2 thoughts on “Some pessimism

  1. I agree with most of this. The one I don’t agree with any more (would’ve when I was younger):
    “…but one is to ensure the university is getting their money’s worth. It’s a way I show gratitude.”

    The university is a soulless and increasingly corporate institution. It doesn’t love you, and will bleed you dry if given the chance. I used to think like you, but not any more. Now I side with my colleagues, some of whom appear like they’re lazy and unproductive, but in reality they’ve worked hard all their lives but the winds of change have made their field no longer fundable and while they are still active and engaged in teaching and research, they can no longer get money and therefore cannot get students.

    This is one reason why I am terrified of making the big changes in my research that I crave to do — I would run out of money because no one would fund me in the new field for a decade while I am ramping up. As I result I stay close to my fields of expertise even though I would rather be done with them all. Yes, on paper I am productive and useful, but I am burned out and bored.

    Ultimately, I stand with my colleagues, yes, even the seemingly lazy and unproductive ones. None of them started like that. It’s just that after 30 years and due to perhaps personality inflexibilities they are not able to run with the fast young bucks.

    The university cares for no one. Your colleagues, however, are people who might care about you.


    • I hadn’t thought that those researchers could be researchers that took a chance and now they’re stuck, or they just can’t keep with the pace of an ever more-competitive and fast-paced research corporation. I just assumed they got tenure and started relaxing. That’s where the naiveite of semi-youth comes in. I don’t really have a loyalty other than with collaborators or my students because I just learned that the working world is too cut-throat to be stepping out on a ledge for people. This was engrained hard into me while in industry and I think it will be a while before it relaxes. Maybe this is time to reach out and get a collaborator on my side that has some extra free time. Being in the tower I’ve found to be even more cut-throat at times than industry, and it’s easy to just keep chugging forward when you have the momentum to do so.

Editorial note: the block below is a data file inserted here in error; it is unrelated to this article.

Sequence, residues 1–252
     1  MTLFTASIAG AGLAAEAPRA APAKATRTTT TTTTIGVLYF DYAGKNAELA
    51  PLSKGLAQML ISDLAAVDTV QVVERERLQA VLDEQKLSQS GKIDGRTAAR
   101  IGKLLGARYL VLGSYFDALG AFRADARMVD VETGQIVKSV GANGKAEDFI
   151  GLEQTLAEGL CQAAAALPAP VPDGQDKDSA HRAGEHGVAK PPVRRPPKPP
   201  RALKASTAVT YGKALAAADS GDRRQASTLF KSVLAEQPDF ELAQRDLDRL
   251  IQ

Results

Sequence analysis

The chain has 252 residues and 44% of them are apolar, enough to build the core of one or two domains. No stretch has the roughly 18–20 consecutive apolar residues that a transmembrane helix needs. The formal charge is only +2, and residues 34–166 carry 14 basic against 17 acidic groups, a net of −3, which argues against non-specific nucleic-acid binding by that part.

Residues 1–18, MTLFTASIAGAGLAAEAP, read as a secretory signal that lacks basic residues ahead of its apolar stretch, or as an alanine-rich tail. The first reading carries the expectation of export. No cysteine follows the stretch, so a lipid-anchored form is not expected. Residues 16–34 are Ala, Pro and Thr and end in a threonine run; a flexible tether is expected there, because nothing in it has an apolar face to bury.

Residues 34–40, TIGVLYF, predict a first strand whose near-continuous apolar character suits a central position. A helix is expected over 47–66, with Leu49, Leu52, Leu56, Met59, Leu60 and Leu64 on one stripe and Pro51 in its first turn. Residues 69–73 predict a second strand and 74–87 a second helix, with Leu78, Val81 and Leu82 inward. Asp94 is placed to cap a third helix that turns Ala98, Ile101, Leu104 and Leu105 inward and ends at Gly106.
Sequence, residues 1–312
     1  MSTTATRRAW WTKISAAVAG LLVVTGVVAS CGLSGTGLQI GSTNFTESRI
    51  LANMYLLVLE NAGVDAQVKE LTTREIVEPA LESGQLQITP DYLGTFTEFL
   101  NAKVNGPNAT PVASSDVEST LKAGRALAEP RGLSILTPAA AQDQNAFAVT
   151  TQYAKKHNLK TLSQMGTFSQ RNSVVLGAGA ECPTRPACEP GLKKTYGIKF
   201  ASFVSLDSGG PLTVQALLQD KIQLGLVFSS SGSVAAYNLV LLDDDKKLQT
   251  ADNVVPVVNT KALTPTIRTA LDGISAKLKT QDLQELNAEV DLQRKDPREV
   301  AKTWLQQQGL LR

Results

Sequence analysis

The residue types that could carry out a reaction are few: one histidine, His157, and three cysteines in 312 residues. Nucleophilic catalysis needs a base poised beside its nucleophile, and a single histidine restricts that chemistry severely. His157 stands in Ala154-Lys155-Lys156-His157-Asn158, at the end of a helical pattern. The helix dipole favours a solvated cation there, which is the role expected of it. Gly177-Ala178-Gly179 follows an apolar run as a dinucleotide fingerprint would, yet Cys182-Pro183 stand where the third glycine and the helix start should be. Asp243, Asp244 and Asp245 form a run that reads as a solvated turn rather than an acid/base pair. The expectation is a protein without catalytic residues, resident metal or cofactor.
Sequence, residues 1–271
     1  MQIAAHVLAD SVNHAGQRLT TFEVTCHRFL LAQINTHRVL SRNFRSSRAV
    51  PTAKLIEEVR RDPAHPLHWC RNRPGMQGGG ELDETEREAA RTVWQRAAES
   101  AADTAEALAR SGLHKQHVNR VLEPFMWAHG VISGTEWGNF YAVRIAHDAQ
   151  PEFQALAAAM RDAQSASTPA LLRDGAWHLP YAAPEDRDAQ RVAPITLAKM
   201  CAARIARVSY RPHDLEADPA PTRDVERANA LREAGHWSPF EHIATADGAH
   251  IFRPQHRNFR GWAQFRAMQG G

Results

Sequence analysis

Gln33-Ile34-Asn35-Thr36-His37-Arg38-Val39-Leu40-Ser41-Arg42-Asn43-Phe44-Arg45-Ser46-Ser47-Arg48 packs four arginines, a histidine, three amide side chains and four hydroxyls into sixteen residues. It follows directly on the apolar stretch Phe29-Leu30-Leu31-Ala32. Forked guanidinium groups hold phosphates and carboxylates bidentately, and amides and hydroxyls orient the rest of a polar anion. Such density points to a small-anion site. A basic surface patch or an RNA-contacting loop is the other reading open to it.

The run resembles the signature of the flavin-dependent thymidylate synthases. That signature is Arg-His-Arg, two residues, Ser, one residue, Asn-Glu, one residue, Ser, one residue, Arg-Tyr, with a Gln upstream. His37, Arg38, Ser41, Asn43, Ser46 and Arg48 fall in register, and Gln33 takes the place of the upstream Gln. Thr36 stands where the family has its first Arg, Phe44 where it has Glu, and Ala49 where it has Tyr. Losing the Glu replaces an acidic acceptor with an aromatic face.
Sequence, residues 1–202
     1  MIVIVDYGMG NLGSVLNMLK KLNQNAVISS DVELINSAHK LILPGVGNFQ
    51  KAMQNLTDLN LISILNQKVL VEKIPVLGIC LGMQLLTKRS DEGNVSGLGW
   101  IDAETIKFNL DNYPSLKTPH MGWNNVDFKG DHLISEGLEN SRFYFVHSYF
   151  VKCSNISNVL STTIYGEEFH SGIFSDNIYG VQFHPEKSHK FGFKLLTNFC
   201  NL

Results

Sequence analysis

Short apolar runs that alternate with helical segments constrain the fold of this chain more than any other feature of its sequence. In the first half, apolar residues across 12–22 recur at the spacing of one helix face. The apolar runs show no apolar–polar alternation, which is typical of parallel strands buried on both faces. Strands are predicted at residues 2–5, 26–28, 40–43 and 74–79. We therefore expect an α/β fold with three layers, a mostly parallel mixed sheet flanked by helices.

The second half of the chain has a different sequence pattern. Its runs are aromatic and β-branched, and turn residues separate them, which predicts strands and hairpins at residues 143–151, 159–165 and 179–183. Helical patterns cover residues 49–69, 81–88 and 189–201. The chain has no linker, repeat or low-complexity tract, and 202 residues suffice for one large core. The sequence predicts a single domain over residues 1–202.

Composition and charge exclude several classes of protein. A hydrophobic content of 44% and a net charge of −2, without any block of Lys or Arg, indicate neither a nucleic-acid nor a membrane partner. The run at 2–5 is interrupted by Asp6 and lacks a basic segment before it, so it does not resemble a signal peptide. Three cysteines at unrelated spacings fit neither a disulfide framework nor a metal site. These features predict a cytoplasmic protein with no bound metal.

Leave a Reply

Fill in your details below or click an icon to log in: Logo

You are commenting using your account. Log Out /  Change )

Facebook photo

You are commenting using your Facebook account. Log Out /  Change )

Connecting to %s